Thousands of people participated in protests in several European capitals against the measures dictated to stop the spread of the coronavirus.
There were demonstrations in Athens, Helsinki, London, Paris and Stockholm.
Thousands of people marched in Paris against new rules according to which the unvaccinated will not be able to board national flights, sporting events, bars, cinemas and other spaces.
The French press reported massive protests in other cities of the country.
En Sweden, where proof of vaccination is required to attend indoor events of more than 50 peoples, some 3,000 people marched through central Stockholm to a central square, in a protest organized by the organization Frihetsrorelsen (“Freedom Movement”).
At the event were members of the neo-Nazi group Resistance Movement, local press reported. The police closely monitored this group, to which violent acts have been attributed in previous events.
Swedish police had warned that far-right groups could take part in the march. No incidents or clashes were reported during the protest.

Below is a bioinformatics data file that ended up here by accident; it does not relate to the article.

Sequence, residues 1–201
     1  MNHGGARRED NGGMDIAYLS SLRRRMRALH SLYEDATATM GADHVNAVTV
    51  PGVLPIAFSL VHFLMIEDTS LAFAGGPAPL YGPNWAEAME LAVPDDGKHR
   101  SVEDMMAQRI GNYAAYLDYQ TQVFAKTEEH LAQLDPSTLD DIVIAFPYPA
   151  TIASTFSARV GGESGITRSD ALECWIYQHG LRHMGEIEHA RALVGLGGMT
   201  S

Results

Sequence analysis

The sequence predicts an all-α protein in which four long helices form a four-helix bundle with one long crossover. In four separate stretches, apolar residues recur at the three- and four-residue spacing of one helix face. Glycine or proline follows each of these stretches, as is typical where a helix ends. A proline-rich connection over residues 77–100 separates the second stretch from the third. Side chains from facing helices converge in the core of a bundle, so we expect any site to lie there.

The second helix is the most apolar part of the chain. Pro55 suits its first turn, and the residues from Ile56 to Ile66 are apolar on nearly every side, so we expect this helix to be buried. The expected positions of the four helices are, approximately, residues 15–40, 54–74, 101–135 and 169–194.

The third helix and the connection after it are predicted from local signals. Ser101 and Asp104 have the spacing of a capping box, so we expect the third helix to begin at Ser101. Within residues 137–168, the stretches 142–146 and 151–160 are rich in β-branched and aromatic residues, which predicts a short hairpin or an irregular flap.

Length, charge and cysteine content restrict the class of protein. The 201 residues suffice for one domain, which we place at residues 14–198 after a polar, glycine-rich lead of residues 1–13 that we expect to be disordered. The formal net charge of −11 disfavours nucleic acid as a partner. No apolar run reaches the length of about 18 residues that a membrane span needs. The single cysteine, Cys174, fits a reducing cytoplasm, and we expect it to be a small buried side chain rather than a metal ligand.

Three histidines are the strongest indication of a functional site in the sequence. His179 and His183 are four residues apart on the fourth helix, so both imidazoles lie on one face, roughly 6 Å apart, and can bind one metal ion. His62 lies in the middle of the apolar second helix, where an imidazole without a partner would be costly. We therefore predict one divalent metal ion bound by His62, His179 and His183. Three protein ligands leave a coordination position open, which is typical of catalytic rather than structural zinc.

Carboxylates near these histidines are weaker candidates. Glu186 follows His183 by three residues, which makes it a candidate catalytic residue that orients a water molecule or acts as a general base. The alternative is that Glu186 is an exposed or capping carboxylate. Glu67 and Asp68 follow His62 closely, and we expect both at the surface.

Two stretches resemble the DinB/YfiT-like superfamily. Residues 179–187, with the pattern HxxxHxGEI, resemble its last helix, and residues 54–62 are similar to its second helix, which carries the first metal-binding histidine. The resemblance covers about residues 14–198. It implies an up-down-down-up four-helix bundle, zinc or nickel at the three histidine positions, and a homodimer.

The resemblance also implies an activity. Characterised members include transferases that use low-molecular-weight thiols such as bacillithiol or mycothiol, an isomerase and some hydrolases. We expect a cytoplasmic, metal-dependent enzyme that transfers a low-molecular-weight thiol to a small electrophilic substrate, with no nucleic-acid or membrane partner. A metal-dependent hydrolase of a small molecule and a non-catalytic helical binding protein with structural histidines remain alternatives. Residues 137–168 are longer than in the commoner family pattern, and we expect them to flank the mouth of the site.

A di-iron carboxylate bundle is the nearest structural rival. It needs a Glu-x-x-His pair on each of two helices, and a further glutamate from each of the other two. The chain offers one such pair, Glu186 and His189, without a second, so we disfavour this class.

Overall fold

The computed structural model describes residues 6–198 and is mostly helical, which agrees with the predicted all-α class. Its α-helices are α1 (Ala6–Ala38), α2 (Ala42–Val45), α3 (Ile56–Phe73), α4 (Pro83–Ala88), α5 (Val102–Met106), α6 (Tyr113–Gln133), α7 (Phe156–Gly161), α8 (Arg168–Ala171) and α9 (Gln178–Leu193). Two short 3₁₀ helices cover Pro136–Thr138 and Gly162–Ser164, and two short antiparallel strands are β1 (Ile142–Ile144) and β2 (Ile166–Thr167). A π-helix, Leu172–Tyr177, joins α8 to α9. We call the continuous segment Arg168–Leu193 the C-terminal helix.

There was also another protest in Gothenburg, the second largest city in Sweden, in which some 1,000 people participated.
Shortly before Christmas, the Finnish government had asked local and regional authorities to use “full and extensive measures” to prevent the spread of the contagious omicron variant.
Limitations included banning events, moving university classes online, limiting restaurant services and closing stores where there is a higher probability of contagion. Restaurants and event organizers were allowed to require proof of vaccination upon entry.
In Helsinki, some 4,000 people marched through the streets of downtown, police reported, in a protest organized by the group World Wide Demonstration. No altercation was reported.
Voice of America (VOA)